Making and breaking those New Year resolutions
Susanne Cruickshank, on what the New Year could bring for the NHS.
Susanne Cruickshank discusses what the New Year could bring for the NHS.
How is your 2018 so far? Busy I suspect. Pressures on hospital beds are not new, but colleagues tell me that every ward is full and it feels like an exceptional year.
It is unclear yet how many people with cancer may be affected, as there is little flexibility in services. However, you can share your experiences with us @RCNCancerforum.
Being busy is often one of the reasons given for why New Year resolutions are abandoned in January. I decided this year not to make a resolution so that I wouldn’t feel guilty if I broke it.
It is part of my aim for 2018 to be kind to myself. I hope this approach will increase my ability to be mindful.
It is hard to ignore the increasing emphasis in cancer literature on improving our lifestyles, particularly around weight and exercise. With this in mind, and in an attempt to be proactive, I have been looking at the NHS Couch to 5K app over the past year.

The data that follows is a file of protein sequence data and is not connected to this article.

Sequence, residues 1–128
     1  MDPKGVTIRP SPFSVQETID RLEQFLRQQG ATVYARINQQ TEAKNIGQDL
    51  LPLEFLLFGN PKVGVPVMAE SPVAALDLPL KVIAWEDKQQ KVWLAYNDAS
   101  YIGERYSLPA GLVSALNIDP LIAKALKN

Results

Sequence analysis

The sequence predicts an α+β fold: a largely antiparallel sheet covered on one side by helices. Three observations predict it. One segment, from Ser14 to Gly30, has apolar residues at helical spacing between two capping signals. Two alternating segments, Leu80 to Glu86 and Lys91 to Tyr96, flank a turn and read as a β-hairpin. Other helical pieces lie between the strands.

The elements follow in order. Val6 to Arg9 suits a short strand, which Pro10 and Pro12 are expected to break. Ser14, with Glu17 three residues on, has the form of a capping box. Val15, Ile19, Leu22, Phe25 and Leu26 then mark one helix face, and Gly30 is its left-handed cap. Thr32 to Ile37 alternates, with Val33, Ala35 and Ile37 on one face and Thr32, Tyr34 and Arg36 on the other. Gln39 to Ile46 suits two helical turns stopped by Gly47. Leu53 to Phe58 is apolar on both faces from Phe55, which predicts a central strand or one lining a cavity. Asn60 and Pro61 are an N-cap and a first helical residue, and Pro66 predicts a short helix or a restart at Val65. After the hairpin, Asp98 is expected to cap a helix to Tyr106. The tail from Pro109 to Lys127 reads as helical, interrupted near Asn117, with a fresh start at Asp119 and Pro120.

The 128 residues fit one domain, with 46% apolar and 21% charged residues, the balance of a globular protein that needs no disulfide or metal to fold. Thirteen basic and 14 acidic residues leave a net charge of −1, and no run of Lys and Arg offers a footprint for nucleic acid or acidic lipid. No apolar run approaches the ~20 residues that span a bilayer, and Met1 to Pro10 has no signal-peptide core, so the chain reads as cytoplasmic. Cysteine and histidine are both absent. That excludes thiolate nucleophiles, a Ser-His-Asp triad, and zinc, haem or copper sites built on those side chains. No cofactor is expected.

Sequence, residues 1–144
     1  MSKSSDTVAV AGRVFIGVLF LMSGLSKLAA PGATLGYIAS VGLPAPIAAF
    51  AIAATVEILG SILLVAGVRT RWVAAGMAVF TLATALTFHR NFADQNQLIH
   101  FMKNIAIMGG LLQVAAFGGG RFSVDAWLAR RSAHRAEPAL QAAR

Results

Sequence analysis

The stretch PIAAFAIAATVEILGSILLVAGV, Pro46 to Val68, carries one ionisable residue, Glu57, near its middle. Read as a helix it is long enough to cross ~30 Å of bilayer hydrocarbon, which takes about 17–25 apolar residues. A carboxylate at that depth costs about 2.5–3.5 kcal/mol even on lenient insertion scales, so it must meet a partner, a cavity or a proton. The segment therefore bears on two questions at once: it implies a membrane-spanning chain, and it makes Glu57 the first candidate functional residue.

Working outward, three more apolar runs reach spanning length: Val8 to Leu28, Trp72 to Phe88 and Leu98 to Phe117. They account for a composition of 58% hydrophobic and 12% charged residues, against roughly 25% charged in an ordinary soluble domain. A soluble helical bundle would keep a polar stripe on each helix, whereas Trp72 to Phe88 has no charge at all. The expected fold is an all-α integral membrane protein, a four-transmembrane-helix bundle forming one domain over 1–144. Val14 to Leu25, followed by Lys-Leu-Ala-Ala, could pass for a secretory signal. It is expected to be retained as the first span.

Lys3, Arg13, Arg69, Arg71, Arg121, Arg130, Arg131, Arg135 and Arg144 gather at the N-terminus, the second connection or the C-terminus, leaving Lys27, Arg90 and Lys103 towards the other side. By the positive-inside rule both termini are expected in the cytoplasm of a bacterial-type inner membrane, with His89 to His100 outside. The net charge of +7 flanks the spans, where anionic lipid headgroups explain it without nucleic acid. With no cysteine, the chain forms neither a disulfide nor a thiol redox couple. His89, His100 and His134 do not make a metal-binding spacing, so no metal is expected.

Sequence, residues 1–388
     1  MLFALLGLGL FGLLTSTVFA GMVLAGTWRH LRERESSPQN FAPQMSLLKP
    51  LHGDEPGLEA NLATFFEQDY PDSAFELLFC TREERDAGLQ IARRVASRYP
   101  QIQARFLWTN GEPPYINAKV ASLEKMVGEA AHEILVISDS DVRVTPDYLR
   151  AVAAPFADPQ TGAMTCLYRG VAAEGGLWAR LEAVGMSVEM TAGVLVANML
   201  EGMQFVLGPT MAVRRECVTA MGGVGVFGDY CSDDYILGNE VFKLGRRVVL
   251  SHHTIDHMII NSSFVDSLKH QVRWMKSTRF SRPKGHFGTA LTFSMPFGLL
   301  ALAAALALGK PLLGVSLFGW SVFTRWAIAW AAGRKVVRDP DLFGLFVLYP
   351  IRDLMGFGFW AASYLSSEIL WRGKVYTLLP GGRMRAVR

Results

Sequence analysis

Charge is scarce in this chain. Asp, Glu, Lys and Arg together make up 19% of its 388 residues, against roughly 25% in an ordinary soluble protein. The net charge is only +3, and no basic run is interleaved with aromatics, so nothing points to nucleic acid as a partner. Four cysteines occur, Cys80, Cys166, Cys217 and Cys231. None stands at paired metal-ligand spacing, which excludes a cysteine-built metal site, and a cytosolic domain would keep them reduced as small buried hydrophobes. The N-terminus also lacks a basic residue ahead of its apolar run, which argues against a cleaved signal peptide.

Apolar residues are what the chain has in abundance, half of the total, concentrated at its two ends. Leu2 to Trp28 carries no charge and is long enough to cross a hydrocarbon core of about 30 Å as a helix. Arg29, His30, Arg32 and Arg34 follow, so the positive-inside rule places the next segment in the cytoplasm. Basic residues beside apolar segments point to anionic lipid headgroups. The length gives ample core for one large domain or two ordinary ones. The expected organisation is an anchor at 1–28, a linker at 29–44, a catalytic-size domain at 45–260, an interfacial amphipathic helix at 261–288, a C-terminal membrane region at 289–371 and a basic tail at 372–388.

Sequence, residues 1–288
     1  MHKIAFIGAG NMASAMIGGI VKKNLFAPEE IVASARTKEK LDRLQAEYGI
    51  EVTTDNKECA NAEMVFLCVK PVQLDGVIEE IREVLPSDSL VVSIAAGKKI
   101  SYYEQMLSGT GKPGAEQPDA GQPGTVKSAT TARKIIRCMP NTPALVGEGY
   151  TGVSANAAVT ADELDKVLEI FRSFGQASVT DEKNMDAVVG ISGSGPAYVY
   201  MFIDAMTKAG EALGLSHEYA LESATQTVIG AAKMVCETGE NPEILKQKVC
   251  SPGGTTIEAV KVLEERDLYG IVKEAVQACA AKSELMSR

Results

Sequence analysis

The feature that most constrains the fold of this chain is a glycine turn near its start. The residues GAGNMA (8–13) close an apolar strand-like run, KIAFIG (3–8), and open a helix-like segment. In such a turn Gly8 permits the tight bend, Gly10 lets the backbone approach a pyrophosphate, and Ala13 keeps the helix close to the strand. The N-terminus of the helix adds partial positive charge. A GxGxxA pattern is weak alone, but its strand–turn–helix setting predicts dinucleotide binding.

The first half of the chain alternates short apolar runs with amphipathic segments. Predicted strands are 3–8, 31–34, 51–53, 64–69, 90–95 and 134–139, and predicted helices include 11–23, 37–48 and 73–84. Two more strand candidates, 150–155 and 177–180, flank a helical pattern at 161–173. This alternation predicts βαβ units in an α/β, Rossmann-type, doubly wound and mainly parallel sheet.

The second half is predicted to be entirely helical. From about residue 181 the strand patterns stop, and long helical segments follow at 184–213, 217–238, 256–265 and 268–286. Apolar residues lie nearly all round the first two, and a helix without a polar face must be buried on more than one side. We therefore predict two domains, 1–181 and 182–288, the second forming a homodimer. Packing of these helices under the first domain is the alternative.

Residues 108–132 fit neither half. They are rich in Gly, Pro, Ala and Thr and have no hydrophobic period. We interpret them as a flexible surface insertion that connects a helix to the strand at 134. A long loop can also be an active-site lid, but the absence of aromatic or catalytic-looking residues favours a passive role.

In that time, I have been quietly contemplating, firstly, as to whether I could do it and, secondly, if I want to do it. Having decided the answer was yes to both, following some encouragement as well as receiving a new pair of trainers for Christmas, I began.
But let me be honest: running through rain, sleet, snow and ice is not appealing to me.
I am thinking of asking the app designers to add in a weather monitor and tips about running in different weather conditions, especially as I live in Scotland.
One benefit of living in a rural area is that I haven’t met anyone while out on my runs along the road. This is clearly advantageous to me until I look semi-respectable as a runner. I will keep you posted.
About the author
Susanne Cruickshank is an associate professor in cancer nursing for the University of Stirling